- Associated Press - Wednesday, July 20, 2016

LEXINGTON, Ky. (AP) - Recent editorials from Kentucky newspapers:


July 19

Lexington Herald-Leader on needle exchange programs:

A member of the board that oversees his county’s health department, Carter County Judge-Executive Mike Malone had worries when health department officials brought up the idea of giving clean needles to IV drug users.

Like many people, especially politicians, he worried that handing out needles might appear to be encouraging illicit drug use. But now he supports the program. “The more you learn about it, the more you’ll understand it’s the right thing to do,” Malone, a Republican, told reporter Bill Estep.

Carter County is one of 13 locations in Kentucky that have either approved or begun operating needle exchanges since they were legalized last year by the General Assembly in a wide-ranging effort to address heroin abuse in the state.

That’s a lot of progress in a short time but as Estep’s story Sunday explained, to avoid an epidemic of HIV and hepatitis C more Kentucky communities need to get on board, quickly.

The way exchanges work is that drug users bring in used needles and get clean ones in exchange. This gets dirty needles out of circulation where they are a danger to anyone who encounters them, including police searching subjects and children on playgrounds. At exchanges drug users can also be tested for and educated about infectious diseases. And, of course, it’s a way to reach out to those who want to get into treatment.

But the most fundamental motivation for the exchanges is to fight the spread of dreadful and costly blood-borne diseases, like HIV and hepatitis C, through needle sharing. Kentucky has the nation’s highest incidence of hepatitis C, a dreadful disease that can lead to liver failure and liver cancer. The drugs alone for treating one case of hepatitis C cost $86,000, Jennifer Hunter, the director of clinical services at Northern Kentucky District Health Department, told Estep. As much as 7 percent of Kentucky’s total annual Medicaid budget, $50 million, is spent on two drugs used to treat hepatitis C.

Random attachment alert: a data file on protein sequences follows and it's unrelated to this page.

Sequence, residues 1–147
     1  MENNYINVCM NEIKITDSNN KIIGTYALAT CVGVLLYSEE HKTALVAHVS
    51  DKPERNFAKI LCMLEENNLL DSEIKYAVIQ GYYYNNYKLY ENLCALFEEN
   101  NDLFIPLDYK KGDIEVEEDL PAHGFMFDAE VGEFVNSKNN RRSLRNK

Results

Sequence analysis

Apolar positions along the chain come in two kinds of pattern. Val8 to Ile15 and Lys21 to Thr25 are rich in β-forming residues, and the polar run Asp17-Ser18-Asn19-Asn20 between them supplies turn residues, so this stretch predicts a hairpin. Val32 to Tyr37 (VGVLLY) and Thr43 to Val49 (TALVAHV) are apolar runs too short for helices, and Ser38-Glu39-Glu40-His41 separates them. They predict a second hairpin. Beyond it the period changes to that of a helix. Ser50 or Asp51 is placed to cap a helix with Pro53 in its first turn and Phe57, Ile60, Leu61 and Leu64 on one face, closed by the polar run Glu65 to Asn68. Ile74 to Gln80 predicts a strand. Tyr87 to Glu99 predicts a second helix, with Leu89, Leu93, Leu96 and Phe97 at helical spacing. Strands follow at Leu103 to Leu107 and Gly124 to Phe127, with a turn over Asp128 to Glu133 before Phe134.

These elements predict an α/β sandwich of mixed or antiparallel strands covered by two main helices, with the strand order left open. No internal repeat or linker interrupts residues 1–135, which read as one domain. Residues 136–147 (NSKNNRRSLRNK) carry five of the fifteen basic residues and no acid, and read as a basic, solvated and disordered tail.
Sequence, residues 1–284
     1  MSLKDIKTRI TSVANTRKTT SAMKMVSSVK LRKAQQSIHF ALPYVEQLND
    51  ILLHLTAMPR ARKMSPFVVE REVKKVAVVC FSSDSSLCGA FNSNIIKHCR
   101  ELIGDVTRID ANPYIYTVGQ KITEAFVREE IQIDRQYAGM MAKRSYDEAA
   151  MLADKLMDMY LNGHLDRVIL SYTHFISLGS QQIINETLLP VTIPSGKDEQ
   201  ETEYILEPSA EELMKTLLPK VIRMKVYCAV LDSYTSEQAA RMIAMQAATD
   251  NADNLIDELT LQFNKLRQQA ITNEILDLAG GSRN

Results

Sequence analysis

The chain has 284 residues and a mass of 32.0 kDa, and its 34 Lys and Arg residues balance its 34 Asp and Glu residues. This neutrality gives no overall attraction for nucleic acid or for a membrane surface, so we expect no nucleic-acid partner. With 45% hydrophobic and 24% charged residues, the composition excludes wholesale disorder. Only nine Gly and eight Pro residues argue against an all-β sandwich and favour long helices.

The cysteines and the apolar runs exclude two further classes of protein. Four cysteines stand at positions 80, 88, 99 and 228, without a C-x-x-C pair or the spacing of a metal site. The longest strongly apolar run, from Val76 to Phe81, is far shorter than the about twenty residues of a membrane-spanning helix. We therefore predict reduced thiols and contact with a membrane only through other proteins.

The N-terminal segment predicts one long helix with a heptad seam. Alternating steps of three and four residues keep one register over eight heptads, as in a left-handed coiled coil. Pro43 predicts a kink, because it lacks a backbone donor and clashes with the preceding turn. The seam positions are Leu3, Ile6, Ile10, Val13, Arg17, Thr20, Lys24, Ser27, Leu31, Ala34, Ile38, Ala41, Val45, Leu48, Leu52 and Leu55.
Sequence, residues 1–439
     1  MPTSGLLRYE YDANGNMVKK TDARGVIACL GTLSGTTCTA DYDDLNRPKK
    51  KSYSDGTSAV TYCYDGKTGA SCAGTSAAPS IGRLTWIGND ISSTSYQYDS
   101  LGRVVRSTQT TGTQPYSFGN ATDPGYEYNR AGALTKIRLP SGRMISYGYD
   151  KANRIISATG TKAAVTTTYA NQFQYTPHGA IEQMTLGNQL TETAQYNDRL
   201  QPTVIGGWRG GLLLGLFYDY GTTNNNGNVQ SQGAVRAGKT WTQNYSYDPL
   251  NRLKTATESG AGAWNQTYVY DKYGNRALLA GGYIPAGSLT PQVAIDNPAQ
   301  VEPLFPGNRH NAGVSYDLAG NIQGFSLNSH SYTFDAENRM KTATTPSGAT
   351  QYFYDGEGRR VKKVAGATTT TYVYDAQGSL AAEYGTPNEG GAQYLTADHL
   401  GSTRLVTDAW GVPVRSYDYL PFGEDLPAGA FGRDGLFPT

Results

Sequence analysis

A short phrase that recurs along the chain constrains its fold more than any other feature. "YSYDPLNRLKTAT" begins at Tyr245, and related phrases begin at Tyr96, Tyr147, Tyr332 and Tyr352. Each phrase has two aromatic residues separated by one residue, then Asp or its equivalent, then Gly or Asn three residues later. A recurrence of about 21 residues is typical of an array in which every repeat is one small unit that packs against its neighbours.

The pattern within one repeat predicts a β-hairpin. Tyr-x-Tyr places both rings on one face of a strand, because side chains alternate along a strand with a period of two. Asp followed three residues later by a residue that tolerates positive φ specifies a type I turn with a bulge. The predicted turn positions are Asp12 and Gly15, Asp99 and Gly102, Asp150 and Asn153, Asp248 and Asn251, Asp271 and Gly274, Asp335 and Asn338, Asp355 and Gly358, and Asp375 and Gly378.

Needle exchanges have operated in other countries and in major cities of the United States for decades. Researchers have found over and over that not only do they not encourage drug abuse but that users who participate in the programs are much more likely to seek treatment. Still, the politics for allowing them in more rural areas only recently began to shift.

In this region the change happened quickly after Scott County, Ind., close by Louisville, gained national attention when the HIV infection rate there soared. Between November 2014 and October 2015, 181 new cases of HIV were diagnosed in the county of 24,000 which had reported only five new cases in the previous decade.

Researchers from the Centers for Disease Control drilled deep to find out what was going on. They found that some drug users there injected themselves as often as 15 times a day and shared needles with as many as six other people, a recipe for spreading disease. CDC also looked at the demographic profile and found a county that matched so many in Kentucky: rural and poor, with a high incidence of unemployment, prescription painkiller sales and overdose deaths. In fact, the analysis found 54 counties in Kentucky that were vulnerable to a disease outbreak among IV drug users, 18 of them more vulnerable than Scott County, Ind.

“I think a lot of health departments in Eastern Kentucky looked at it and said, ‘That easily could have been us,’” Kristy Bolen, an epidemiologist at the Ashland-Boyd County Health Department told Estep.

But Boyd and neighboring Carter counties are among only a handful of the at-risk Kentucky counties that have needle exchange programs.

That has to change or soon Scott County will be us.




July 15

The (Ashland) Daily Independent on Kentucky Power Co.’s return of corporate offices:

The return of the corporate offices of Kentucky Power Co. to the company’s original home in Ashland is a more symbolic gesture than an economic boost for this community, but it is one we welcome.

In making the announcement of the move Wednesday, Kentucky Power President and Chief Operating Officer Greg Pauley said only about eight people are expected to be directly impacted by the move. Although they represent the company’s best and highest paid employees and are just the type of people that any community would most want, eight jobs are not enough to have much of an impact on this community’s economy.

Still those eight jobs include Pauley and other top executives including the managing director of regulatory and finance, managers for external affairs and corporate communications, and an executive assistant. In short, the major decisions at Kentucky Power, a subsidiary of American Electric Power, soon will again be made in Ashland and not Frankfort.

Kentucky Power also announced that some management officials currently working out of the company’s service center in the Paul Coffey Industrial Park will move to the new office, communications manager Allison Barker said.